These studies include a rigorous 2017 study that analyzed mental health care trends among 11 million youths who rely on Medicaid for insurance coverage. This research documented that immediately after the FDA warnings began in 2003, there was a sudden and sustained 30%-40% drop in youth visits to doctors for all depression care, including antidepressant prescriptions.
Seven years after the first FDA warning, doctor visits for depression by young people had dropped by around 50%, compared with the pre-warning trend, thus severely reducing treatment and suicide prevention.
That trend included Black and Latino youths, who have already long suffered from undertreatment.
Almost simultaneously, youth poisonings via prescription drugs, such as sleeping pills, went up. Research has shown that prescribed medications are a widespread method by which young people attempt suicide. This finding adds to the evidence that the antidepressant warnings increased suicidal behavior.
In 2018, researchers reported on two patients in their 20s whose experiences illustrate the potential real-life impacts of the black-box warnings. Both young adults had been prescribed antidepressants for major depression and severe panic attacks, but they refused to take them because of the FDA’s message.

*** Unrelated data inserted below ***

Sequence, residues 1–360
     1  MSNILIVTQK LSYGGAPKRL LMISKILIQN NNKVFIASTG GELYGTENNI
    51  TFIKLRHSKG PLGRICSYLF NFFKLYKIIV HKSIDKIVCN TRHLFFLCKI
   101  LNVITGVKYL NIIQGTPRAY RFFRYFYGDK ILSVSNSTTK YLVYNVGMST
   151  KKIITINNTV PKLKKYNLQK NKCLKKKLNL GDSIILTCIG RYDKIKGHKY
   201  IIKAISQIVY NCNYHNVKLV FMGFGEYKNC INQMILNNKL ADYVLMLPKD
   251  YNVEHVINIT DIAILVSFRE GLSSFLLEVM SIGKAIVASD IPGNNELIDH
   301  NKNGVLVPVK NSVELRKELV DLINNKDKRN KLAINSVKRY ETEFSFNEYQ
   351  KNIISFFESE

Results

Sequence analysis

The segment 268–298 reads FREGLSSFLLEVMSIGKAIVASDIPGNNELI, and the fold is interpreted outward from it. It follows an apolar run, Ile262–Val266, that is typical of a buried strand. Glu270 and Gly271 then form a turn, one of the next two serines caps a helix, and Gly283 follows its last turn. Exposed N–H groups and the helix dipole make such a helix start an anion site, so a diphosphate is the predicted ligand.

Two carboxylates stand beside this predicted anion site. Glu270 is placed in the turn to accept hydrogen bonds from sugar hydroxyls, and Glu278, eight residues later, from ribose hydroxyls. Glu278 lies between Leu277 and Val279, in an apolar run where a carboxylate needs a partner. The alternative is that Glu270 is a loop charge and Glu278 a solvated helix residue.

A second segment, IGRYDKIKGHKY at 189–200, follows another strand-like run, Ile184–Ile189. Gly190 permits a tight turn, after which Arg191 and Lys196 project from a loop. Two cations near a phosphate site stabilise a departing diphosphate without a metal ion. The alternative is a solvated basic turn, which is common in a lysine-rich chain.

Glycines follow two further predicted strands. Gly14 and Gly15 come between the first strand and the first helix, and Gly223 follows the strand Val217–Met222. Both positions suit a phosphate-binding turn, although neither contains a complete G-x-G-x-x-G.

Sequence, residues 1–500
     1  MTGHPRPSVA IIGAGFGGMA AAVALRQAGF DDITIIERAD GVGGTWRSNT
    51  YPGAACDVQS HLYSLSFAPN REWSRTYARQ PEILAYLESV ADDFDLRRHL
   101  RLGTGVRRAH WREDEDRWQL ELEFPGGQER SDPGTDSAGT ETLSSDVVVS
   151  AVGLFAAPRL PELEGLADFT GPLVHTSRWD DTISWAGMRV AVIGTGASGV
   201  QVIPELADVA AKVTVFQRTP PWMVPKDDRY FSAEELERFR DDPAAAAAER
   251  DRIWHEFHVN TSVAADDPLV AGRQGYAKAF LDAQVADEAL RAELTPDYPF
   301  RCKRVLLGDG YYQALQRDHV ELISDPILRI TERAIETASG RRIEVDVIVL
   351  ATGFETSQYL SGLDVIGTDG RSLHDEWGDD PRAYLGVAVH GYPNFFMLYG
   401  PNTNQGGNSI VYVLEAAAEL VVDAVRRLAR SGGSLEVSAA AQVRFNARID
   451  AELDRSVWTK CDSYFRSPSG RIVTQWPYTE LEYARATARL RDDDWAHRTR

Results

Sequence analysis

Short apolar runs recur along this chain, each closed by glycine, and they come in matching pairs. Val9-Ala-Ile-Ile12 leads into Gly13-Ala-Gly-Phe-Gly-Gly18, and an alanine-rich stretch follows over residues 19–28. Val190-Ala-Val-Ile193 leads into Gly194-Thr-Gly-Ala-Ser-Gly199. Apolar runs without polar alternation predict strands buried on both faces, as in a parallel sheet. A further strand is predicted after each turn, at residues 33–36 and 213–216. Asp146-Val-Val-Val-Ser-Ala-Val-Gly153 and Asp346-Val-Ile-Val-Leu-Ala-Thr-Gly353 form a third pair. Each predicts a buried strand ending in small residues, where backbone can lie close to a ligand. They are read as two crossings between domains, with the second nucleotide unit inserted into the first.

Their conditions worsened, and eventually both attempted suicide. Fortunately, family members were able to intervene in time, and each young adult was then hospitalized.
After they accepted the reassurances of hospital psychiatrists that the benefits of the medications would likely exceed any risks, both patients began to take their prescribed antidepressants. These medications, combined with talk therapy, alleviated their symptoms without intensifying suicidal thoughts.
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Reevaluating the warnings
As scientists, we are trained to always seek potential alternative explanations – some additional factor not included in the research – that could explain the reduction in care or increase in suicides that we and others have recorded in our studies.
However, the sudden, simultaneous and large effects – all of which directly reduced treatment and increased suicidal behavior – strongly suggest this is not a coincidence. It is unlikely that any outside factor can account for the multiple parallel effects on depression care, suicidal behavior and suicide deaths.
A large and growing body of evidence shows that the FDA’s black-box warnings on antidepressants need to be reevaluated.
More generally, there’s a need for independent researchers to monitor the effects of FDA warnings on public health – both intended and unintended.
This article is republished from The Conversation, a nonprofit news site dedicated to sharing ideas from academic experts. It was written by: Stephen Soumerai, Harvard University and Ross Koppel, University at Buffalo.
Stephen Soumerai receives funding from the NIH..
Ross Koppel does not work for, consult, own shares in or receive funding from any company or organization that would benefit from this article, and has disclosed no relevant affiliations beyond their academic appointment.